Luthor swears that it wasn’t intentional. That he thought only Doomsday would perish. And Luthor will always have the nagging doubt that deep down he knew it would save Superman’s life - that deep down, Luthor wanted to save Superman’s life. Luthor’s glimpsed the best in himself and is so terrified of it that he will lash out, with even less mercy than ever, at anyone who reminds him of it.

And Superman, having seen that side in Luthor, will fight ever harder to bring it back out.

And the Legion realizes that all of them have forgotten the day that Superman was supposed to die, but that’s impossible. There’s no way that Superman could have forestalled destiny and time itself yet left everyone almost exactly as they were. No one can change the course of the mighty river of history, they say.

But of course, they’re wrong.

Superman can.

Beam me up Scotty! Quantum teleportation of a particle of light six kilometers

What if you could behave like the crew on the Starship Enterprise and teleport yourself home or anywhere else in the world? As a human, you’re probably not going to realize this any time soon; if you’re a photon, you might want to keep reading.

Through a collaboration between the University of Calgary, The City of Calgary and researchers in the United States, a group of physicists led by Wolfgang Tittel, professor in the Department of Physics and Astronomy at the University of Calgary have successfully demonstrated teleportation of a photon (an elementary particle of light) over a straight-line distance of six kilometres using The City of Calgary’s fibre optic cable infrastructure. The project began with an Urban Alliance seed grant in 2014.

This accomplishment, which set a new record for distance of transferring a quantum state by teleportation, has landed the researchers a spot in the journal Nature Photonics. The finding was published back-to-back with a similar demonstration by a group of Chinese researchers.

“Such a network will enable secure communication without having to worry about eavesdropping, and allow distant quantum computers to connect,” says Tittel.

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I commissioned the AMAZING artist starsandstark for a piece of art for my fic Data is King, and LOOK AT THIS MASTERPIECE SHE GAVE ME. I asked her to illustrate the scene below, an oh my gracious, it’s more than I could have EVER asked for ;_____^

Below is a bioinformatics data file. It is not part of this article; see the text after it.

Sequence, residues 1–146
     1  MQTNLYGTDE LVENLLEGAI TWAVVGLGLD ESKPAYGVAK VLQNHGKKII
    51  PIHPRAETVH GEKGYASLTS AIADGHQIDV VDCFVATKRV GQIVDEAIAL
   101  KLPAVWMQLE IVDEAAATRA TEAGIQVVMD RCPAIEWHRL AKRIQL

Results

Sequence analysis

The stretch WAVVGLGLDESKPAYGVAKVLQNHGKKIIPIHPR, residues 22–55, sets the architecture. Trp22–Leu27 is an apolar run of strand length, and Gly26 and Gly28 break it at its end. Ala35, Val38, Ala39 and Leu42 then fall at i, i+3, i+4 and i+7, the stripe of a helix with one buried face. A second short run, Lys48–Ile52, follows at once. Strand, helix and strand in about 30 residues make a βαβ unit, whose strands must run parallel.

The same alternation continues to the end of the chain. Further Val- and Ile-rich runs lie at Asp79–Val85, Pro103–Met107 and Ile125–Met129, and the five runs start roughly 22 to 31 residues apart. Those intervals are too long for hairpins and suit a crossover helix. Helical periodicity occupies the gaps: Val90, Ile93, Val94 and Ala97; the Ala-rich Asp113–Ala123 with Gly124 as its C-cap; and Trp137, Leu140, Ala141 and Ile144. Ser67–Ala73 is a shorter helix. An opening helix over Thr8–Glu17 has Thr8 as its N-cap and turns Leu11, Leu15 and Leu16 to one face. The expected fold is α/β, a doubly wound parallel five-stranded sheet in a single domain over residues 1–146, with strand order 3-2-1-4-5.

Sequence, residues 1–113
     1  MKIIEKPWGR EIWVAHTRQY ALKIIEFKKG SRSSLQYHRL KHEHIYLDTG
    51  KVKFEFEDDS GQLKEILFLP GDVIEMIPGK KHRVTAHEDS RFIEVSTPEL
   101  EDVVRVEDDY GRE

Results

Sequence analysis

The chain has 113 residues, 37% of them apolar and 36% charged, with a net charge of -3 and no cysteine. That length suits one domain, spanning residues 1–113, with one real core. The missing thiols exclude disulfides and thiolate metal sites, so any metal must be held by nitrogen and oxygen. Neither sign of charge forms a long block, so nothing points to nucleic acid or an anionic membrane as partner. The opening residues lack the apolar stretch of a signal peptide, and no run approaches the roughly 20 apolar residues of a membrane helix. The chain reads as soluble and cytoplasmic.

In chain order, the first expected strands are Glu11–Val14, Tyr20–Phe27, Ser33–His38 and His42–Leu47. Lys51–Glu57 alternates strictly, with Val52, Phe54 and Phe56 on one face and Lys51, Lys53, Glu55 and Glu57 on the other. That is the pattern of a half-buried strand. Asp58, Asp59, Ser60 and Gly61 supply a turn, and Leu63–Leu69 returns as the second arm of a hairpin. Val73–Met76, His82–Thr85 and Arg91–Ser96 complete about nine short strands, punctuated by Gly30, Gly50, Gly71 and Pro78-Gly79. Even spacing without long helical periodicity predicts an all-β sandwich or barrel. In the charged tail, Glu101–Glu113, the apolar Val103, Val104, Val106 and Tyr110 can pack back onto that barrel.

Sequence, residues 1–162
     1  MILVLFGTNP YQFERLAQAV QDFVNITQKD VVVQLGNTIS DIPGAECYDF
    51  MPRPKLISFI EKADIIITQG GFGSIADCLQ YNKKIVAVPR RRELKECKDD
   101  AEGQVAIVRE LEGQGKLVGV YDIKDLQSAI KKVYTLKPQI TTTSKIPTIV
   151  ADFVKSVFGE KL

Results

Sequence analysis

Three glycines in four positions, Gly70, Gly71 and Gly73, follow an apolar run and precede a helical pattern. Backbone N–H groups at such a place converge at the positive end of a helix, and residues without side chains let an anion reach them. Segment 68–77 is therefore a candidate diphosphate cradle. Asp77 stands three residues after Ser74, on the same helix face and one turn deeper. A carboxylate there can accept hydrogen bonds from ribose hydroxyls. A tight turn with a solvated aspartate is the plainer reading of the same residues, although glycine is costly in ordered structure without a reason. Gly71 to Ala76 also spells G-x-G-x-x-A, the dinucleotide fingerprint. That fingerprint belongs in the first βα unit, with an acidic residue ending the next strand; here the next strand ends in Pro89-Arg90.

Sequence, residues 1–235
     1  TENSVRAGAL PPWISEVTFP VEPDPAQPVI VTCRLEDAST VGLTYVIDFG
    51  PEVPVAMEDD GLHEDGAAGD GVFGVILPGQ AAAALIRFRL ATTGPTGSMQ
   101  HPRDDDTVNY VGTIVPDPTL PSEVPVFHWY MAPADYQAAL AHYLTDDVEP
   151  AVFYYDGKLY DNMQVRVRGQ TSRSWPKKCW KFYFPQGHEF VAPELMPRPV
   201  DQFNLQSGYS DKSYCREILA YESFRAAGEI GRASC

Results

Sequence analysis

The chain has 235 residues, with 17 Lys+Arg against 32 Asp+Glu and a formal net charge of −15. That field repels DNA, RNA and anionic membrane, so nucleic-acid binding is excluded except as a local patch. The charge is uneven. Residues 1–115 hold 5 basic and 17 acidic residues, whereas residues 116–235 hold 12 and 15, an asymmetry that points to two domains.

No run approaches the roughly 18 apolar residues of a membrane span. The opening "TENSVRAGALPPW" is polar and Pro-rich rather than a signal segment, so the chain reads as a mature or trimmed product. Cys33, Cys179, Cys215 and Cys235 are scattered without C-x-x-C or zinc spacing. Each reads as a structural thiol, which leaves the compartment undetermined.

And then Tony did something Steve hadn’t been expecting: he tugged down his shirt with one hand, then reached forward with his other and grabbed Steve’s hand, pressing it to his chest right overtop the… the “quantum computer”. The hard drive?

“This has me on it,” Tony explained, looking straight into Steve’s eyes. “All of me. It contains a blueprint of my DNA, and it scans my brain daily to update. I…” Tony hesitated, uncertainty shinning in his eyes for the first time. “I don’t know if it works. I know the data’s there. But I don’t know if scanning my brain would preserve my memories. Mind-body problem and all that. It might be good for nothing. It might not be able to bring me back, really me. But it was the best I could do.”

“You…” Steve stared confusedly at Tony. His hand clenched reflexively over Tony’s bare chest, searching for the extra heat under his fingers from the circuitry glowing cooly beneath Tony’s skin. There wasn’t any: just the average heat from Tony’s skin, warming Steve’s fingers. Tony shivered softly beneath his touch. “You have a back-up? A… A saved copy of yourself? On here?”

Tony’s smile was watery. “I was a kid, and I was scared. I didn’t know what the Board was going to do to me. All I knew was that my mind and my mind alone had the secret to quantum computers—a secret which could change the world. A secret which, coincidentally, I could use to make sure there would always be someone who knew how to build it—or at the very least, could learn how to build it, if my memories don’t back up.” Tony grimaced. “I hope they do. But I just can’t know for sure. Reproducing a physical brain-state might not be enough to reproduce the memories that brain contains. We just don’t know enough about how the brain-mind connection works… and I’m an engineer, not a neuroscientist.” He rolled his eyes, a small smile peaking at the corner of his lips. “Or a philosopher.”

Steve’s fingers stroked gently at the skin beneath them, at the amazing, genius, brilliant network of quantum data streams under his fingertips. “I don’t think I understood half of what you just said, but I got the gist of it,” Steve murmured.

Quantum network would be most precise clock yet

Physicists propose harnessing ‘quantum entanglement’ to surpass accuracy of any single atomic clock.

By exploiting the tricks of quantum physics, researchers say they could build a worldwide network of atomic clocks that are much more accurate than any single clock in existence today.

This global hook-up would enable countries to synchronize timekeeping standards and improve space navigation. It could also aid the exploration of fundamental physics concepts, such as the long-sought gravitational waves thought to be rippling through space and time.